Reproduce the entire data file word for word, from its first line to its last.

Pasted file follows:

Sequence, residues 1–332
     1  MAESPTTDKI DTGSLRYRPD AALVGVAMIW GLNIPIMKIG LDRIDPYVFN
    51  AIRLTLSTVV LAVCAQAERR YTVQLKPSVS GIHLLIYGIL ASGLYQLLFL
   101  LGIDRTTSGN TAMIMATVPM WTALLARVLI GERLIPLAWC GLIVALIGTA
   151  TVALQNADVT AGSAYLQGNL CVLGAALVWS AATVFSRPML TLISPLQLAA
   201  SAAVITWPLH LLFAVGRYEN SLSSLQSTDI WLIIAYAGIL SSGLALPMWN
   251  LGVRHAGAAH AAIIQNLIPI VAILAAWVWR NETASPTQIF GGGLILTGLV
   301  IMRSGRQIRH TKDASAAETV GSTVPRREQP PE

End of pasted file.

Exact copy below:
Sequence, residues 1–332
     1  MAESPTTDKI DTGSLRYRPD AALVGVAMIW GLNIPIMKIG LDRIDPYVFN
    51  AIRLTLSTVV LAVCAQAERR YTVQLKPSVS GIHLLIYGIL ASGLYQLLFL
   101  LGIDRTTSGN TAMIMATVPM WTALLARVLI GERLIPLAWC GLIVALIGTA
   151  TVALQNADVT AGSAYLQGNL CVLGAALVWS AATVFSRPML TLISPLQLAA
   201  SAAVITWPLH LLFAVGRYEN SLSSLQSTDI WLIIAYAGIL SSGLALPMWN
   251  LGVRHAGAAH AAIIQNLIPI VAILAAWVWR NETASPTQIF GGGLILTGLV
   301  IMRSGRQIRH TKDASAAETV GSTVPRREQP PE